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Introduction to Expert System Shells

The theory of expert systems could not sound better. Derived from work in the science of artificial intelligence they are computer programs that are designed to mimic the working of a human expert. And, in theory, that should mean that, whenever you want access to expertise in some particular field, you can simply turn to your computer, switch it on, and have instant expertise there on the screen before you. But does it always work like that?

Consider an example:

A skilled medical practitioner can readily make diagnoses; but others may find it less easy. In fact, the dream of expert systems work has often been that of the 'expert on the screen': a computer program that can be switched on whenever and wherever expertise is required.
But how would you make such a program?
Surely, it would be difficult?

Medical practitioners may have expertise in their own field: but would they really want to spend years more of their time acquiring significant expertise in the development of computer programs simply in order to give that expertise to others?

And the same is true for other experts in many other fields as diverse as diagnosing disease in humans, or assessing job candidate suitability, or presenting horticultural advice for gardeners.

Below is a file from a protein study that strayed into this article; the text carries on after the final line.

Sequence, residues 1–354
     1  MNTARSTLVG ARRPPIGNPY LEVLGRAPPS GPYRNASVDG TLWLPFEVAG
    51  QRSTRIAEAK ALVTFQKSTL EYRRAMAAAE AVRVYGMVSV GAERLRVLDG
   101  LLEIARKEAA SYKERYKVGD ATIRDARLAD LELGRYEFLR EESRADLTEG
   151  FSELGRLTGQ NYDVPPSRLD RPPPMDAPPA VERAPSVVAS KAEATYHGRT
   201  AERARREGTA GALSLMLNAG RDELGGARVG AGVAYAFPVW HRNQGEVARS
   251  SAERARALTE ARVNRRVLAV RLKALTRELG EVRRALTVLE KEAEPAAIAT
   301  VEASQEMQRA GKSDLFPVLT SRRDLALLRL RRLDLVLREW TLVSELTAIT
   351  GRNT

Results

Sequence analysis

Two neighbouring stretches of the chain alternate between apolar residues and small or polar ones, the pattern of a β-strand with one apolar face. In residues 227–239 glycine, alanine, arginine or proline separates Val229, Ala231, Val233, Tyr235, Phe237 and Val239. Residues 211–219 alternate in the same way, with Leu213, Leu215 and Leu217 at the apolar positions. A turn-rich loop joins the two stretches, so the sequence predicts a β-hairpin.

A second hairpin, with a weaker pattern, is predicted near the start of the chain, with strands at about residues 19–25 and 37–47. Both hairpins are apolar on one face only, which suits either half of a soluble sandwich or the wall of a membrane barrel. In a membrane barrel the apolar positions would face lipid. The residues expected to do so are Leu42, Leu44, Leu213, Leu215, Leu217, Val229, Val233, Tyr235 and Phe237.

In general, the answer to this problem is an Expert System Shell.

The reason why programs such as these are called shells is because, of themselves, they contain no specific expertise at all. Instead, they are simply hollow shells into which specific expertise can readily be placed; and in which that expertise can later be accessed and manipulated by a user.

At the outset, the shell is not expert in any specific field whatsoever. It is simply the means by which expert systems can be created.

But, in the past, even expert systems shells have been difficult and demanding to use - they have required considerable expertise in computer science simply in order to understand how to embody the specific expertise that you, personally, might want to encapsulate in your own computerised expert system.

There is now an answer to this problem. The answer is XMaster.